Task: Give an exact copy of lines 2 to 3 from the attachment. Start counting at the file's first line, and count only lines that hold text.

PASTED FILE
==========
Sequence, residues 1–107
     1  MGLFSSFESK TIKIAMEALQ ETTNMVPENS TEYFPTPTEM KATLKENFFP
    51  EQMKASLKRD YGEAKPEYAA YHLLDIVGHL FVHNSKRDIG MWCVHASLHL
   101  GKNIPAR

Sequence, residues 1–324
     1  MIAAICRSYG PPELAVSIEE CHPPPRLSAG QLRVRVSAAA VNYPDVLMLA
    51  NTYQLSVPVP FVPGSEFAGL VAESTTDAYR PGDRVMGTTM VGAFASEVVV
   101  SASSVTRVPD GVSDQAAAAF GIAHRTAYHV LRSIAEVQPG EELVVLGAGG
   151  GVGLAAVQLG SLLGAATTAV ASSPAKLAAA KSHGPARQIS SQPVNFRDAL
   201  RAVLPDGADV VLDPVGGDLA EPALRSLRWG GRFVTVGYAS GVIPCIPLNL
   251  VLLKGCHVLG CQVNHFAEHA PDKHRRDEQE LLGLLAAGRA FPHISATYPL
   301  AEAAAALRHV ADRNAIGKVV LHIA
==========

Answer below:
     1  MGLFSSFESK TIKIAMEALQ ETTNMVPENS TEYFPTPTEM KATLKENFFP
    51  EQMKASLKRD YGEAKPEYAA YHLLDIVGHL FVHNSKRDIG MWCVHASLHL